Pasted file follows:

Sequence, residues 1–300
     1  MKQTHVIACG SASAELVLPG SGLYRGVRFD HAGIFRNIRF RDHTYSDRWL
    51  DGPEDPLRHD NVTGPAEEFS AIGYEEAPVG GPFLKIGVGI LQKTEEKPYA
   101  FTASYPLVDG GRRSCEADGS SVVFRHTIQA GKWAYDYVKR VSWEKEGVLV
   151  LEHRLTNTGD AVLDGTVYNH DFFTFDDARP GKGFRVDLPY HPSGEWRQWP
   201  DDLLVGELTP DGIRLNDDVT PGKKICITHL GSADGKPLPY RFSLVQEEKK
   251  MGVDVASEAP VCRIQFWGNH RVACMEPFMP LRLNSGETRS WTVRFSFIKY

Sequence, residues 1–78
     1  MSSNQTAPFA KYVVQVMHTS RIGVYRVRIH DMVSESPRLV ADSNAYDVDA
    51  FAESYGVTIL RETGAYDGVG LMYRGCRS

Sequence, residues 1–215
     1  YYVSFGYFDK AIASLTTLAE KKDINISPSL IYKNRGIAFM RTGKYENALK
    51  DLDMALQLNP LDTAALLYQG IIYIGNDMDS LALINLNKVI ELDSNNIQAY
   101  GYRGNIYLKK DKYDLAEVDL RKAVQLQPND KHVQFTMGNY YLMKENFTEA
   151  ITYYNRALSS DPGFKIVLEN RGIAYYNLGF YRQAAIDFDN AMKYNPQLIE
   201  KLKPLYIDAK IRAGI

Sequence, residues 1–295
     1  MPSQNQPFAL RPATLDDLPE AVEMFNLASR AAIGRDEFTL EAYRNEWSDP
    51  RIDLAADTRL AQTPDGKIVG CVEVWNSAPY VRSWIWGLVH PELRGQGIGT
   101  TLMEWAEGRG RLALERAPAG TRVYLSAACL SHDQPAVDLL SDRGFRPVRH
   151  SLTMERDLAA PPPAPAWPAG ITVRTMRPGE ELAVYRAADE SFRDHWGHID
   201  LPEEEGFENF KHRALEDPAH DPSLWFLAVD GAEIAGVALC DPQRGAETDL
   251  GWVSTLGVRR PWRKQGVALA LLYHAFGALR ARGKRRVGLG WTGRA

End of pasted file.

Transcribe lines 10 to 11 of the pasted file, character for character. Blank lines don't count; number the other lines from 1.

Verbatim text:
    51  FAESYGVTIL RETGAYDGVG LMYRGCRS

Sequence, residues 1–215